In the post-election analyses of What It All Means for the country’s future, economic trend watchers are keeping a close eye on the future of the recovering – but still struggling—US housing market. Based on existing conditions and expectations for the coming years, the health of the housing industry may be tied to an improving employment picture and a robust mortgage industry.
Underlying many of the concerns about the economy overall is the issue of employment. Fewer jobs and lower wages affect every aspect of a consumer society. Now, however, job growth is improving in many areas of the country, with a corresponding positive effect on the housing markets in those areas.
Improved employment opportunities and better wages usually mean more new housing construction, and also more purchases of existing homes. Since a major barrier to home purchasing has historically been lack of a stable or well-paying job, as well as corresponding poor credit, the uptick in job growth can mean more potential buyers able to make down payments or qualify for mortgages.
The rental market, too, benefits from job growth. New development in industries and other kinds of businesses can mean an influx of workers needing housing, and better wages can mean
a corresponding bump in rental rates in those areas. And because many of those wage-earners may not end up buying houses, and remain long-term renters instead, that creates opportunities for investors purchasing rental properties as well.
The health of the mortgage industry is a cornerstone of this continued growth. The dysfunctions that led to the issuing of too many subprime loans and the resulting collapse of US housing markets across the country have been addressed in some key ways. Thanks to continued Federal subsidies, mortgage rates remain low, and lenders, starting with the federal mortgage agencies Fannie Mae and Freddie Mac, are making efforts to work with distressed homeowners to prevent another foreclosure meltdown.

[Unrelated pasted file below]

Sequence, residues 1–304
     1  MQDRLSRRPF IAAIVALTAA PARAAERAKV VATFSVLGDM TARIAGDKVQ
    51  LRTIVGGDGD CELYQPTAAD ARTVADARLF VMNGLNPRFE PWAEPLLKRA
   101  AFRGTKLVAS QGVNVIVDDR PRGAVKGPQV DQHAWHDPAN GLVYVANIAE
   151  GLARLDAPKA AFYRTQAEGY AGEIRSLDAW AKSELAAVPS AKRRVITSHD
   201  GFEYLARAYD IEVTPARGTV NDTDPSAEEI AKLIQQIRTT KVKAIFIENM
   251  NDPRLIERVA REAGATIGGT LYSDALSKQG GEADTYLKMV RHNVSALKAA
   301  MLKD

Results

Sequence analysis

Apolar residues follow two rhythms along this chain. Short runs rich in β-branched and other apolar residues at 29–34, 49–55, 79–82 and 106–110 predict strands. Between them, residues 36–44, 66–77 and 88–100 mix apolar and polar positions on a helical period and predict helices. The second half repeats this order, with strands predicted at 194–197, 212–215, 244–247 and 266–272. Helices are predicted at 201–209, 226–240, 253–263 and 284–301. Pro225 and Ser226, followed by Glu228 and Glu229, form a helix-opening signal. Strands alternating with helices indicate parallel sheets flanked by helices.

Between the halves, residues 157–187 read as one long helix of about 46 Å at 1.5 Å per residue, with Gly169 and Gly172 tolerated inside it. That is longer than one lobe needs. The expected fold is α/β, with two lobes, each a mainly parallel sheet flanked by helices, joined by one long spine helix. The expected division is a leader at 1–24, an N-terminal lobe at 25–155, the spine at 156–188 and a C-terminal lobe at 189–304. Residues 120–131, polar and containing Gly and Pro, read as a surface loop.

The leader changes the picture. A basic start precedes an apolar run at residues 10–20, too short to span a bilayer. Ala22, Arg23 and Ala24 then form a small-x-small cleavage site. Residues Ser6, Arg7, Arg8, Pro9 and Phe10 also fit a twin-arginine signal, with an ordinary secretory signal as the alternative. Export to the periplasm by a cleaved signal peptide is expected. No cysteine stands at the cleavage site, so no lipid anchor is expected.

Along with attempts to help homeowners sinking under the weight of mortgage payments, lenders across the country are tightening qualifying standards for home loans of all kinds in an effort to repair the damage of the careless lending practices that put many home purchasers in over their heads a few years ago. According to industry watchers, these moves should reduce the record high rates of foreclosures, short sales and legal actions that followed from the 2008-2011 housing crisis.
In a global economy, events half a world away can have a profound effect on conditions at home, and financial experts are keeping a cautious eye on the behavior of international bond markets and real estate investing as well. Likewise, unexpected disasters such as the
recent Hurricane Sandy can alter the financial landscape in a virtual heartbeat, plunging whole areas of the country into a chaos of unemployment and housing crisis.
Still, with continuity in Washington, improvements in the employment picture and a responsibly functioning mortgage industry, financial experts expect that the US housing market as a whole may continue its upward trend, with increased opportunities for investors applying Jason Hartman’s strategies for building wealth through income property investments.
The American Monetary Association